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O-Zone: Moving forward

JACKSONVILLE – Look-Ahead Wednesday.

Let's get to it … Les from Jacksonville:
How is Jalen Ramsey starting and Myles Jack isn't? Jalen also is playing two positions, but he's ready to start and Myles isn't? C'mon man, it has to be a better explanation than that. Jack can play almost any position on the defense, but he's on the SPECIAL TEAMS UNIT. Honestly, I think he should play strong safety because that's our weakness. He can't be any worse than Johnathan Cyprien. O, man can you please ask Gus Bradley? What's the deal, cuzzzz?
John: Wow, you are serious about this issue – not only because CAPITAL LETTERS but multiple "zzzzz"s. That's serious stuff. I'm not making light of the topic, because I realize it's an area of concern for fans, but Bradley indeed has been asked about this – and his explanation has been pretty clear. Myles Jack isn't starting yet for a couple of reasons. One is because he's not a better option at this time than the two players ahead of him, Paul Posluszny (middle linebacker) and Telvin Smith (weak-side linebacker); those players know the defense and both played well against the Green Bay Packers for a defense that played pretty well overall. Another reason is that Jack is still learning the defense, and if you don't really know the defense you can be a liability even if you possess great athleticism. That's not a knock on Jack; linebacker is a difficult position to play in the NFL and it takes many rookies time to learn it. As far as Jack at strong safety, I have received many emails about this. I don't think it's a horrible idea in the long term to have Jack play some version of that position in some situations, but I'd be surprised if it happens in the short term. Jack already has learned two NFL positions in six weeks. It's a tough ask to assign him a third.
Leon from Austin, TX:
"We can step on the field and compete with any team." I like the mentality from the Jaguars organization. Zone, being around the players do you feel a different vibe than previous years?
John: Without question.
Jay from Gainesville, FL:
Jack seems like he would be better and more comfortable playing weak-side linebacker. That said, do you think Telvin could play inside linebacker? I think because we have a bunch of big bodies on the line he would be OK there even though he is not standard ILB size. But people thought he was small to play weak-side and his size hasn't stopped him! I think he can be the leader of a defense and he has a nose for the ball. What do you think?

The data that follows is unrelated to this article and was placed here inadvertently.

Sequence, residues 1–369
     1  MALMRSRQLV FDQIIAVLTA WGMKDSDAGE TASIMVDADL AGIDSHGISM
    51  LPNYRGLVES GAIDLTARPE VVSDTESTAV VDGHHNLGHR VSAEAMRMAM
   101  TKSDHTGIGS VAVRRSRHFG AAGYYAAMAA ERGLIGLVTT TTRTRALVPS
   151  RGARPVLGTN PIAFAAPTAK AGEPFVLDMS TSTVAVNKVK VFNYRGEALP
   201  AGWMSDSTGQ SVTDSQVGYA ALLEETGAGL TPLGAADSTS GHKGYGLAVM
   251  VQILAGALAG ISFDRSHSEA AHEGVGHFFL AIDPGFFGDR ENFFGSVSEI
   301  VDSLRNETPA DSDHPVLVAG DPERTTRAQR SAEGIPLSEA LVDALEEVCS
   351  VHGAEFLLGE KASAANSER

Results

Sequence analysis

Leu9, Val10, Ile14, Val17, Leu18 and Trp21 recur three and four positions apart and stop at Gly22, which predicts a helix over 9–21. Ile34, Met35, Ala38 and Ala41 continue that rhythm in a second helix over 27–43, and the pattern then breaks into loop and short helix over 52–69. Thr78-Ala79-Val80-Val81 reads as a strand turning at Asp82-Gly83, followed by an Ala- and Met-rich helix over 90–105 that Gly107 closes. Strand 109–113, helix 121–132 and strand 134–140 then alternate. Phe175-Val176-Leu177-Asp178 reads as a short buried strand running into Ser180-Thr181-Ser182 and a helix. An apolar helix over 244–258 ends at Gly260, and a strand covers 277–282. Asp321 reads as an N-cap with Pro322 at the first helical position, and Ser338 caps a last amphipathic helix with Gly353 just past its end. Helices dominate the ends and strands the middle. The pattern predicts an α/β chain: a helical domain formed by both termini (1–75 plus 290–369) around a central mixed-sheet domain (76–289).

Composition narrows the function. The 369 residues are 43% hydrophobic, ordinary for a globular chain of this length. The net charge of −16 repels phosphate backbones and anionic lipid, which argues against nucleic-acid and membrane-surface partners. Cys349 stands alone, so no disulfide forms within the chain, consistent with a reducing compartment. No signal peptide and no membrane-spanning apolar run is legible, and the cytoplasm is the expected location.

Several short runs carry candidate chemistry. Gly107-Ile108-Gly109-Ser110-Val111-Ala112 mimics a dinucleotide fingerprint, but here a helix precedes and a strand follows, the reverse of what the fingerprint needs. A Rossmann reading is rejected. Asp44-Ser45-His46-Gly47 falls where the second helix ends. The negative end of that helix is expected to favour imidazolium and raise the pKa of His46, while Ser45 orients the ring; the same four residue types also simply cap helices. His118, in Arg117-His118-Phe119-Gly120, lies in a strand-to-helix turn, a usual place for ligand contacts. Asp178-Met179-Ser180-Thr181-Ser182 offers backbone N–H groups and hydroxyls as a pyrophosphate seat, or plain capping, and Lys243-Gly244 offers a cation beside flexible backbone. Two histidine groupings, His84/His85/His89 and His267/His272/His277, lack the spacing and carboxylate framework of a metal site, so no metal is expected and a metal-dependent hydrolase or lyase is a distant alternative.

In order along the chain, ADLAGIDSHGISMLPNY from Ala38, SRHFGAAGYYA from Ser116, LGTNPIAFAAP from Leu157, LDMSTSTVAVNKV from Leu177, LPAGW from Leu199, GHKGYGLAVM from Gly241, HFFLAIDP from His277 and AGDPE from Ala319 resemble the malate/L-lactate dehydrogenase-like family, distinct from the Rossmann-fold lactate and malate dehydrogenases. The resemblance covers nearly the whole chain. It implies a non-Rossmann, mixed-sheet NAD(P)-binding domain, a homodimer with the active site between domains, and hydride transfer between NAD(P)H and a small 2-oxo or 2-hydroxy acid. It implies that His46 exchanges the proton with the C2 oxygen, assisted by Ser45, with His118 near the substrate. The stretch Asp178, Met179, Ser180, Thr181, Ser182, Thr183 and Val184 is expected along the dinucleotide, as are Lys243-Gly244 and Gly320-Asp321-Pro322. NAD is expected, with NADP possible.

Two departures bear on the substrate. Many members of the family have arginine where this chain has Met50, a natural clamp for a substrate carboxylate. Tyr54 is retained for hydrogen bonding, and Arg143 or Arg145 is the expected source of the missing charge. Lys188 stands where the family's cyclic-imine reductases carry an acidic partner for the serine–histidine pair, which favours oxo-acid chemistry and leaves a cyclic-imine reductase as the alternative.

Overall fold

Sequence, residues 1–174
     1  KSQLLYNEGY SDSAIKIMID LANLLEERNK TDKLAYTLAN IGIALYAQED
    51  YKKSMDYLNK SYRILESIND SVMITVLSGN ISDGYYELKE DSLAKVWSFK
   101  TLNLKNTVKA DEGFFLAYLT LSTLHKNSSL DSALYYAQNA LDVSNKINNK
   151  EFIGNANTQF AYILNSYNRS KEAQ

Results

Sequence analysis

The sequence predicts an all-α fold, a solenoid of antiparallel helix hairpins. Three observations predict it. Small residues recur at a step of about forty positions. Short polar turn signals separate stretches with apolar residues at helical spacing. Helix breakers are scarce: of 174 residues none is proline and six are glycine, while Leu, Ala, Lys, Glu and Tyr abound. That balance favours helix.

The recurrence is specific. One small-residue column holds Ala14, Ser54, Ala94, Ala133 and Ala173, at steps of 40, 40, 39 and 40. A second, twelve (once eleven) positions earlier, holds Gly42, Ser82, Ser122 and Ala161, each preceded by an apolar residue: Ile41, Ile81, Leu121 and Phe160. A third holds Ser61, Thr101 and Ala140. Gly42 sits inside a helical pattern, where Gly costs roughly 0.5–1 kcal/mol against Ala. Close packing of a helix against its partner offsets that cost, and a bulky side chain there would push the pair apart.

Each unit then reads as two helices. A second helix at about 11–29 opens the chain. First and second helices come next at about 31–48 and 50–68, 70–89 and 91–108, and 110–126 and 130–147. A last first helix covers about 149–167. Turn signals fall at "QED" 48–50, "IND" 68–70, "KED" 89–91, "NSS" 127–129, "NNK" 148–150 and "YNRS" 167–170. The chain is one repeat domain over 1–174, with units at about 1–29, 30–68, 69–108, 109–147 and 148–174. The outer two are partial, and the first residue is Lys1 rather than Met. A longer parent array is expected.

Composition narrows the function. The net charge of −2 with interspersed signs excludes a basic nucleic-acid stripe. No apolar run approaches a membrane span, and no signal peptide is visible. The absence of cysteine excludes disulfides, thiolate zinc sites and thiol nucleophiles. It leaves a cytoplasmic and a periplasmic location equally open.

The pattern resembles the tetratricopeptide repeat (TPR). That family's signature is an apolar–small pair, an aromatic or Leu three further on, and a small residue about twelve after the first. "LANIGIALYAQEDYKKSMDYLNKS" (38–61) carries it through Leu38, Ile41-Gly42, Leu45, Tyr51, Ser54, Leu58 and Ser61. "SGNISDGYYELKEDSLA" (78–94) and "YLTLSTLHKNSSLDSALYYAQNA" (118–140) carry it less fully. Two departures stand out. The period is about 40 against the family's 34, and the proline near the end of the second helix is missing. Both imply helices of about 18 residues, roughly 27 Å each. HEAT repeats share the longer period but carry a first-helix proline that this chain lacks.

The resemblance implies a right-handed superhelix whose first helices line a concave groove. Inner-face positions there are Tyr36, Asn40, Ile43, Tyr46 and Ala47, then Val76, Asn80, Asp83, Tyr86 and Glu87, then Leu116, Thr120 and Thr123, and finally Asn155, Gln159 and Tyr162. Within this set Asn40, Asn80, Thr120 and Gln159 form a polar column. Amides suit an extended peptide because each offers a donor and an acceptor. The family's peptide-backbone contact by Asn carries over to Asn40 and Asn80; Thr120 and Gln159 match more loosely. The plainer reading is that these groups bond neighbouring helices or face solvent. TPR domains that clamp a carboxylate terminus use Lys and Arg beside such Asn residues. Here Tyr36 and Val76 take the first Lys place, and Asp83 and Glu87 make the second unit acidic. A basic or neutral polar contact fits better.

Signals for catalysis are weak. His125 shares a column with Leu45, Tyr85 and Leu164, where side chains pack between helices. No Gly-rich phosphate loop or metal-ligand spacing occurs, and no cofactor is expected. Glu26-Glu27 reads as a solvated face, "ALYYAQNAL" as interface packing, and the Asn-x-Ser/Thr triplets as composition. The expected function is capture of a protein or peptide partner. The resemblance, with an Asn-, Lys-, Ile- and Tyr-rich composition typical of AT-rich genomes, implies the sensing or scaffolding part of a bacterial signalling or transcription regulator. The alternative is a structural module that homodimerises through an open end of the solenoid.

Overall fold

John: I think while Smith is very good at the weak-side linebacker position, there are times his size makes things difficult for him there. He is fast enough to overcome the issue and be effective, but it doesn't mean it's not a concern. That concern would be far more glaring and far more difficult to overcome at inside linebacker.
Oliver from Aldershot, England:
I can't help but think if Allen Hurns made that last play for a touchdown everyone would be saying how it was the complete performance, and how we beat a real Super Bowl contender and deserved it. On another day, the play might have worked and we would be 1-0. Should we not take the positive and think we could genuinely be a 10-6 team this year after that performance?
John: Sure.
Travis from High Springs, FL:
A lot of people thought the temperature would favor the Jaguars on Sunday and give them more of a home-field advantage. Do you believe that the time difference will benefit the Chargers, with the Jags traveling from East to West Coast? And if so, how much of an effect do you think it could have on the game?
John: There's no question the time difference will benefit the Chargers. The difficulty of traveling from the East Coast to the West Coast is a real thing in the NFL. That's just how it is. How much of an effect it has on the game is up to the Jaguars. They have enough talent to beat the Chargers. I believe they should beat the Chargers. It's time to go beat the Chargers no matter the time zone.
Jeff from Orange Park, FL:
John, I don't think Denard Robinson is the answer as the replacement when T.J. Yeldon or Chris Ivory go down. What is the chance that we see Joe Banyard back in the mix? With Ivory's condition unknown and his return questionable, what options do we have going into the San Diego game?